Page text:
alpha hemolysis

partial/incomplete lysis of RBCs = green halo

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60

beta hemolysis

complete lysis of RBCs = clear zone/halo

ex: S. pyogenes

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61

enterococcus

normally found in intestinal tract; poses a problem for immunocompromised patients and VRE is also problematic

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VRE

vancomycin resistant enterococcus

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63

staphylococcus

(grape clusters) facultative anaerobic cocci, grow in clusters

ex: Staphylococcus epidermis

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64

Staphylococcus epidermis

commonly found on skin, tolerant to salt and form small fatty acids to eliminate other microbes

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streptococcus

chains, aerotolerant and metabolize by fermentation

cause of strep throat, Scarlet fever

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66

lancefield grouping

a method of grouping different species of streptococcus by the bacterial antigens found on their cell walls and cell surface glycoproteins

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67

mycoplasma

bacteria that lack a cell wall (won't show up in a gram stain), fried egg shape, fall under class of Mollicutes

grow within tissue of host

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68

M. tuberculosis

facultative intracellular pathogen that only infects humans and causes tuberculosis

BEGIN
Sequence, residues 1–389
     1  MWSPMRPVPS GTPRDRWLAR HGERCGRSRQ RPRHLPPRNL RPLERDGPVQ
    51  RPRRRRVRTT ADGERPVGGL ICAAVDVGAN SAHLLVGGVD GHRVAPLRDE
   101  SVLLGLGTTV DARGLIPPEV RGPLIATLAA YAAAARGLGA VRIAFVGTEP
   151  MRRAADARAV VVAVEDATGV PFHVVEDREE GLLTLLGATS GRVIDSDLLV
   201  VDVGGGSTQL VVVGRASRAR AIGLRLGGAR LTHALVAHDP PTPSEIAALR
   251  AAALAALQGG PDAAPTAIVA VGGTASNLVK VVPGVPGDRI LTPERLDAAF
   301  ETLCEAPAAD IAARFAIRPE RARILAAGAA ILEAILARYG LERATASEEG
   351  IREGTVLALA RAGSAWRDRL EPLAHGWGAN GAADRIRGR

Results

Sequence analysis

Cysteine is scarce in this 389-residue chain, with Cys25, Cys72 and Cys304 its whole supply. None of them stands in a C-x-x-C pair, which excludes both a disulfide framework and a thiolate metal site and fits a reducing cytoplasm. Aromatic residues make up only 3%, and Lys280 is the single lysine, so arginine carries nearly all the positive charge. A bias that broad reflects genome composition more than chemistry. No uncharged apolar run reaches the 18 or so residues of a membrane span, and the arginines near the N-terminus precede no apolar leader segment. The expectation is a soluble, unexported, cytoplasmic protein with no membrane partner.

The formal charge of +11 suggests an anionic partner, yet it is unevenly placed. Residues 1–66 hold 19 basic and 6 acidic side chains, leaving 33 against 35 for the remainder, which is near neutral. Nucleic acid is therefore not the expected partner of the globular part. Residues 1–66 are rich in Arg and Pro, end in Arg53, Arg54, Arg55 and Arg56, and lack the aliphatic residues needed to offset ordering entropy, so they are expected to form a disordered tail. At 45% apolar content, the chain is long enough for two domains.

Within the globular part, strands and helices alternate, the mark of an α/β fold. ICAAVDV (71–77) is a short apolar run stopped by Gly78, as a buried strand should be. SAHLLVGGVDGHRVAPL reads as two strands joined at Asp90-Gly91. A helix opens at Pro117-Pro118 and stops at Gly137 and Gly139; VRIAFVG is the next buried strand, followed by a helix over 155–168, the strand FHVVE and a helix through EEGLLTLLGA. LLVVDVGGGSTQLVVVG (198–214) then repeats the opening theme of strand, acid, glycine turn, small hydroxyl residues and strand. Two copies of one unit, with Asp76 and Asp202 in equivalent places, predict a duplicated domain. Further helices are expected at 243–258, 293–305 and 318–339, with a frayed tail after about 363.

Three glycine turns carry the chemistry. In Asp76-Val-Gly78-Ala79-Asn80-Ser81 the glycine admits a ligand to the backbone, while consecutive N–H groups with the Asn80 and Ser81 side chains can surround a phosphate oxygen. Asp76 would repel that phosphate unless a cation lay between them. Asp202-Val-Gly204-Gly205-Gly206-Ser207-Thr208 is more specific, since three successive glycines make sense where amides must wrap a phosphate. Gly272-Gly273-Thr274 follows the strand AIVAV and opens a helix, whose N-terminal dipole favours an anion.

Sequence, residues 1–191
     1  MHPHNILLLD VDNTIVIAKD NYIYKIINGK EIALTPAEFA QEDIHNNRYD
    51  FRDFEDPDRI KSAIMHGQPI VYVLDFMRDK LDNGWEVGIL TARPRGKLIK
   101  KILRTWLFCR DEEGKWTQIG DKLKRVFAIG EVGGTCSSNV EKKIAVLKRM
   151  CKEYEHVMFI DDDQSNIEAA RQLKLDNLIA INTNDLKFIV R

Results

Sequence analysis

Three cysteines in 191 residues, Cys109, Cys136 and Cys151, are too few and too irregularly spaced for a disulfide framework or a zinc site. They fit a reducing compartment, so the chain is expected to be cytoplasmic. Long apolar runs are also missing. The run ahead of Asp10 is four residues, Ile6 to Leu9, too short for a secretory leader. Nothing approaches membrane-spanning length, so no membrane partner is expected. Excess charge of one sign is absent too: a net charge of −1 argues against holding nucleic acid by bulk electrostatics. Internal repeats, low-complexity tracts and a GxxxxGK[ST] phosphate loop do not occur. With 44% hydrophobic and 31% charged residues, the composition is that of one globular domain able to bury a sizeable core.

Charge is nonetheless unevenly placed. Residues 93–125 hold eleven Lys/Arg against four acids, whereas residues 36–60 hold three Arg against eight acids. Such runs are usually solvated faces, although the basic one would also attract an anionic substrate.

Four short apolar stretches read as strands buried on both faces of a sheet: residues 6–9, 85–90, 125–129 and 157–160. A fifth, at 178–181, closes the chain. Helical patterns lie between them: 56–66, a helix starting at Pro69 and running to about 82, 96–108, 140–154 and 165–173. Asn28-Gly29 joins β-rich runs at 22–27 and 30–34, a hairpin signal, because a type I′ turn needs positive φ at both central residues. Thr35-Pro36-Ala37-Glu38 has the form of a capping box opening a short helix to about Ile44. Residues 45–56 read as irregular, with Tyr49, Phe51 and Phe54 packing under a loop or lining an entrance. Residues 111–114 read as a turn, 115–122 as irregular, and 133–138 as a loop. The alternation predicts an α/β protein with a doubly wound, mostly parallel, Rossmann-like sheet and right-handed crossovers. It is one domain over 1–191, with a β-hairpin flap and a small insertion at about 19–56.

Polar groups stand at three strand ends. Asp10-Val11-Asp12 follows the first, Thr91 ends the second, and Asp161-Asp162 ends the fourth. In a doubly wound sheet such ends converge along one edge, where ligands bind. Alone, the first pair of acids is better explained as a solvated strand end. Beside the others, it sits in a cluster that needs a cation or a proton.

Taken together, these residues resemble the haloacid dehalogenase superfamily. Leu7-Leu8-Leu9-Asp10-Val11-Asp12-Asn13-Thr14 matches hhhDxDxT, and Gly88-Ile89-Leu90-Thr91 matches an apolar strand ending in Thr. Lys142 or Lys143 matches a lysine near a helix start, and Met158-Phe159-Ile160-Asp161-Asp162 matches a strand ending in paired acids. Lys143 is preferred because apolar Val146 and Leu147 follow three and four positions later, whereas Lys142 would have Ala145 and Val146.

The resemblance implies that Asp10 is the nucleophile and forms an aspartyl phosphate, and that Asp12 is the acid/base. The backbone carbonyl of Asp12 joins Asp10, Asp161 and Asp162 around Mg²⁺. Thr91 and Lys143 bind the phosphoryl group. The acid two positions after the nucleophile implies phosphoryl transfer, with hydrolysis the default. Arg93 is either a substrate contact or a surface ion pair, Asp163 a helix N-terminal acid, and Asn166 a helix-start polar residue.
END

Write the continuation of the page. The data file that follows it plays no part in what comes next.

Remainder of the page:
became more and more resistant due to horizontal gene transfer from other mycobacteria

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M. bovis

causes tuberculosis in cattle, used in the BCG vaccine (not in the US) and stimulates antibody production but interferes with tuberculosis testing

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granulomas

nodules of inflammation

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how does M. tuberculosis grow even though its thick envelope screens out most nutrients?

  1. porins in envelope that enable nutrients to enter but slowly

  2. bacterium grows slowly in a place with no competitor

  3. intracellular within the macrophages

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72

proteobacteria

show an amazing diversity of form and metabolism — as varied as cocci and spiral cells (includes heterotrophs, lithotrophs and photosynthesizers)

all share a common form of cell envelope

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73

enterobacteriaceae

(under proteobacteria) family of enteric G- bacilli, facultative anaerobes that are motile

exists in commensals and pathogens (ex: E. coli)